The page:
Vannevar Buch’s 1945 essay “As We May Think” is amazing in its forward-thinking approach to the nature of content management–essentially how we store information, retrieve it, make use of it, and develop knowledge as a result. His vision of a “memex,” a desk-like structure that could house a mechanism that would aid in the fast retrieval of information via microfilm, never became a reality as originally envisioned, but the idea of it is embedded in so much modern computer technology. Rather than the speed of retrieval, what fascinated me about the device was his concept of how it would help us organize and use information via association, rather than traditional indexical approaches relying on alphabetizing or numbering. The ability to connect together disparate pieces of information into a “trail” that was then saved and could be revisited later is a remarkable concept and one that, in many ways, still eludes us today, even with all of our advanced software and computing power.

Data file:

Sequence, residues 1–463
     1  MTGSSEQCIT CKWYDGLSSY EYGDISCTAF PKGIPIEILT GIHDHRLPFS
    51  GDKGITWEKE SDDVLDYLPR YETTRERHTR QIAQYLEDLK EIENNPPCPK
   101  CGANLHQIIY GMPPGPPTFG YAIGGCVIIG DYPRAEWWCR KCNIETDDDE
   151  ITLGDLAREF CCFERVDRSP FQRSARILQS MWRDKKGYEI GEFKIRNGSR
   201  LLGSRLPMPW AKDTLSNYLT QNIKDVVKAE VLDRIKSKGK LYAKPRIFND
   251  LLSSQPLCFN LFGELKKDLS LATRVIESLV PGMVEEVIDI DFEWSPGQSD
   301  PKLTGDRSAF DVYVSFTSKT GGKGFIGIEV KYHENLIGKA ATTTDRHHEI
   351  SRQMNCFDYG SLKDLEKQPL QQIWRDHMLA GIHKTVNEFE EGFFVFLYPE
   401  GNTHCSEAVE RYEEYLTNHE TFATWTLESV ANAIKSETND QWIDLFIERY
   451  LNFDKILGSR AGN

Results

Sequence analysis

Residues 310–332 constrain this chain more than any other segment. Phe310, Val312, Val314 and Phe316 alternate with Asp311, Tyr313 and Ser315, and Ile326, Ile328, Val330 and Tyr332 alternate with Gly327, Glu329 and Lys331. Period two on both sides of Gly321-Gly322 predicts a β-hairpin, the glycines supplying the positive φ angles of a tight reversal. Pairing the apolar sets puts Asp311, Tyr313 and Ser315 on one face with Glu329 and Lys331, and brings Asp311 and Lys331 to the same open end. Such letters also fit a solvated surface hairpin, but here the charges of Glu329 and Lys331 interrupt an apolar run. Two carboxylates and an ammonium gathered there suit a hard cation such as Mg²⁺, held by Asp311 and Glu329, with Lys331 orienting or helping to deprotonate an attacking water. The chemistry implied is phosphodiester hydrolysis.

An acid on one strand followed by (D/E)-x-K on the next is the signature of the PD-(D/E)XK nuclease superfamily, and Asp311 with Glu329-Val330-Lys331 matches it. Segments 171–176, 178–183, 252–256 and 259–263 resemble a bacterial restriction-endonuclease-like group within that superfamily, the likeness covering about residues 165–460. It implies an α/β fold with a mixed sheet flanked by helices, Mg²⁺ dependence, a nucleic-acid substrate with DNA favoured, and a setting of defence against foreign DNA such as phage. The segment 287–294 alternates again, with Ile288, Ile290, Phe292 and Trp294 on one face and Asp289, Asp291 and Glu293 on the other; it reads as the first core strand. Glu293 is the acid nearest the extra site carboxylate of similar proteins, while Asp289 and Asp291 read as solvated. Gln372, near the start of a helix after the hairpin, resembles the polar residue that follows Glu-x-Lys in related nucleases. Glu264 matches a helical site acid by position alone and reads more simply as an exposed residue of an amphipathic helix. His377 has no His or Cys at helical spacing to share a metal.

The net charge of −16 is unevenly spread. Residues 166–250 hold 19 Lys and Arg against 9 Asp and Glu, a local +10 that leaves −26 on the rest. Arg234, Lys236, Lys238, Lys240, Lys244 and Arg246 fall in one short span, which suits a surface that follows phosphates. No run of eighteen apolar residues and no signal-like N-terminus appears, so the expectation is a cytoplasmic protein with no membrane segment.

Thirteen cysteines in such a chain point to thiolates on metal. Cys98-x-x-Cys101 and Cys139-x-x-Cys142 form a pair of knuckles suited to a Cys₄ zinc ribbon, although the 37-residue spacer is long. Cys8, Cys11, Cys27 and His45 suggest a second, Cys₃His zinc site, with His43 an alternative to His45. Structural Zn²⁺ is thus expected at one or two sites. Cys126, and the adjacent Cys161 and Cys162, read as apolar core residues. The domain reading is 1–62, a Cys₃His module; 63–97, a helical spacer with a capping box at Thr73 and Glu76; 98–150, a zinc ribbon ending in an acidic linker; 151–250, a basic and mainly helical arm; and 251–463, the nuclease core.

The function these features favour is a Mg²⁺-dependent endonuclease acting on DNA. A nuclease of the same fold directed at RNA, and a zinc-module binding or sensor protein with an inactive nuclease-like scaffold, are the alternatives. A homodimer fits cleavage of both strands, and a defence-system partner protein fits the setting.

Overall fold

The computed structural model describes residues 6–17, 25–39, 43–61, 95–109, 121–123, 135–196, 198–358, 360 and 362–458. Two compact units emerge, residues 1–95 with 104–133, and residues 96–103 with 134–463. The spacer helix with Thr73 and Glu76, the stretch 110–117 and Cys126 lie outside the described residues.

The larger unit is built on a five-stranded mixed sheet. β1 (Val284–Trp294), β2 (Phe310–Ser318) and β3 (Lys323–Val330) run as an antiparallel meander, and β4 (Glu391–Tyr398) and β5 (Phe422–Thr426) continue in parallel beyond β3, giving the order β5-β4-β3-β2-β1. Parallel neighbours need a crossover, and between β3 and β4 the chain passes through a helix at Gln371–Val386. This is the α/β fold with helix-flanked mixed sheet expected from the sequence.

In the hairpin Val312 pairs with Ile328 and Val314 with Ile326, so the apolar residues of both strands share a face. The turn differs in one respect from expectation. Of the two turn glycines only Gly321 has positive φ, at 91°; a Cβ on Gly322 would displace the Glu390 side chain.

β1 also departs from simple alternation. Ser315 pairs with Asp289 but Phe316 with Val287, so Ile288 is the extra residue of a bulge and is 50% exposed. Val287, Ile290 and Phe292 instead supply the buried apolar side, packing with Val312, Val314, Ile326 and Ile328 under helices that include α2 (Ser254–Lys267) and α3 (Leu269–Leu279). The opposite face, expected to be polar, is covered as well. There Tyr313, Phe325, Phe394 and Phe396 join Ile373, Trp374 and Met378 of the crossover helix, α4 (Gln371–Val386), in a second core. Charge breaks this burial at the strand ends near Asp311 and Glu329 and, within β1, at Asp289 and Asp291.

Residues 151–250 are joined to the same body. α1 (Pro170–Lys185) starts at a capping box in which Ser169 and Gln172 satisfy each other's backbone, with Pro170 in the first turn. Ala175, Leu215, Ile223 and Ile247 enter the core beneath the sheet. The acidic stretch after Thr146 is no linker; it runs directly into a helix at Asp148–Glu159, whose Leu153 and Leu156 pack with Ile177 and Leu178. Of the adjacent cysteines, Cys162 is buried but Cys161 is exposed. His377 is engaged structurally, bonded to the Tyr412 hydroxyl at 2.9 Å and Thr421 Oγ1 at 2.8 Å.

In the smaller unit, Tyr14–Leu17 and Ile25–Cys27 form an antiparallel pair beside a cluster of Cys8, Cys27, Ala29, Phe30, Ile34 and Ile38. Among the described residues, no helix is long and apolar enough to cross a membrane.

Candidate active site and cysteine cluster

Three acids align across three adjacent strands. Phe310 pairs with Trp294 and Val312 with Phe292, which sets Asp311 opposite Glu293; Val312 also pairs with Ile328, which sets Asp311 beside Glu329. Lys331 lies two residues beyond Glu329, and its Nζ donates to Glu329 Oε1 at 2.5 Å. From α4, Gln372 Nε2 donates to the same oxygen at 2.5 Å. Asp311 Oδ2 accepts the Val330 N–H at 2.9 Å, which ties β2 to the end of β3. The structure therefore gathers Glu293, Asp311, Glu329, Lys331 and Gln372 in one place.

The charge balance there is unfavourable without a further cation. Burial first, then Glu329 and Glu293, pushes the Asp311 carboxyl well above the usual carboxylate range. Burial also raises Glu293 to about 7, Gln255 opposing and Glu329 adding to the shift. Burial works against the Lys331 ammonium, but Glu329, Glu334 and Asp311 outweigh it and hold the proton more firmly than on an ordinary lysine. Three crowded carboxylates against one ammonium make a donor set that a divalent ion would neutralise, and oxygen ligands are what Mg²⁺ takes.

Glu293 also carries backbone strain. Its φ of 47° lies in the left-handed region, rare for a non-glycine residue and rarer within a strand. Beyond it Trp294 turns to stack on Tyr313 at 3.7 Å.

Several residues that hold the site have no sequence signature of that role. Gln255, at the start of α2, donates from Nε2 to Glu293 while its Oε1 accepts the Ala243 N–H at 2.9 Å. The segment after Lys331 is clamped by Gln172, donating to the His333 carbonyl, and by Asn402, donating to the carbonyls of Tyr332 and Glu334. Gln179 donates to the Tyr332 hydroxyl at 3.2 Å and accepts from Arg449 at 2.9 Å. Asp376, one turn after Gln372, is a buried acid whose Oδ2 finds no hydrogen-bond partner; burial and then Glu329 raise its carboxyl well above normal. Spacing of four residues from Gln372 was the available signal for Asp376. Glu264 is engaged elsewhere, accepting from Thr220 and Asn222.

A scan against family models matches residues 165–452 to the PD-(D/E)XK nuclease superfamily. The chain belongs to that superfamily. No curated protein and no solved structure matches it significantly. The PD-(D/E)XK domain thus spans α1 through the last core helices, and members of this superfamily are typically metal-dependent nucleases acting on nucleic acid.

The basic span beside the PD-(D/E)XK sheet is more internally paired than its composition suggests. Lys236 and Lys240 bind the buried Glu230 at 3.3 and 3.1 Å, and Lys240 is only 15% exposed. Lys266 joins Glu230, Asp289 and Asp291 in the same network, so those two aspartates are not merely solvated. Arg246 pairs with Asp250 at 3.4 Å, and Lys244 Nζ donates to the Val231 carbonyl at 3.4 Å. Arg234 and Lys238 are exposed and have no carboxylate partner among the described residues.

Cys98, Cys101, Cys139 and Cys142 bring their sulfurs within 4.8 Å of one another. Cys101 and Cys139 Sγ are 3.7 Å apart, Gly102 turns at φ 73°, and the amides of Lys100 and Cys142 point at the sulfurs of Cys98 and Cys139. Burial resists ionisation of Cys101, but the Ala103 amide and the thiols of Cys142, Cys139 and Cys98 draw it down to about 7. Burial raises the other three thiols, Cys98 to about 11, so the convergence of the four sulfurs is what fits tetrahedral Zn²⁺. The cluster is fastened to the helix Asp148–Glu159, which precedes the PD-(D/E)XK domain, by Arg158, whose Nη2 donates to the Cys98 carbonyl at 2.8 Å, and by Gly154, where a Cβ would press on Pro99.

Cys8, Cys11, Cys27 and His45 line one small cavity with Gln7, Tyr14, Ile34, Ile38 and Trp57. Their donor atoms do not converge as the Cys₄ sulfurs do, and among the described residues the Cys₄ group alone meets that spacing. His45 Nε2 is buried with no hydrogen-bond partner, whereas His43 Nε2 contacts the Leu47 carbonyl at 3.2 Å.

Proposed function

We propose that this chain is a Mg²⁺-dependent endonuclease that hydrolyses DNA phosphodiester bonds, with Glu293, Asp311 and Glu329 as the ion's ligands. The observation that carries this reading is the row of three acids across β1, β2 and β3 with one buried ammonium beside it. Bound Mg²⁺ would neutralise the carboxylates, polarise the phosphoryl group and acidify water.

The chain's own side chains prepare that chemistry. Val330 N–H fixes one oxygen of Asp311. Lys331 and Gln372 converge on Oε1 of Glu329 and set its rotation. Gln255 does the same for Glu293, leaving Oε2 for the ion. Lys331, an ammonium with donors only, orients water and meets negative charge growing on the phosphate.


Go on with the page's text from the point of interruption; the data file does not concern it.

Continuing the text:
On a somewhat unrelated note, I have to admit that reading Bush’s essay stoked some of my more Luddite tendencies, particularly my love of the tangible nature of books and other physical media. My wife, who is completing her doctorate in psychology, once gave me an aptitude test, the results of which indicated that I was well suited to be a librarian–not a particularly surprising finding given my love of libraries. Beyond the abstract idea of the library as a repository for human knowledge, for me there is an aesthetic thrill to seeing all the books lined up in the stacks as a kind of visual representation of humankind’s accumulated intellectual achievements. I recognize that this is a purely aesthetic appreciation and one that is not necessarily conducive to efficient scholarship (as Bush makes abundantly clear), but it is something that I can’t quite shake. In fact, part of the reason I requested a Kindle for this course was to challenge myself to shake loose from my attachment to the old-fashioned bound book and more fully embrace the possibilities that Bush’s memex first envisioned.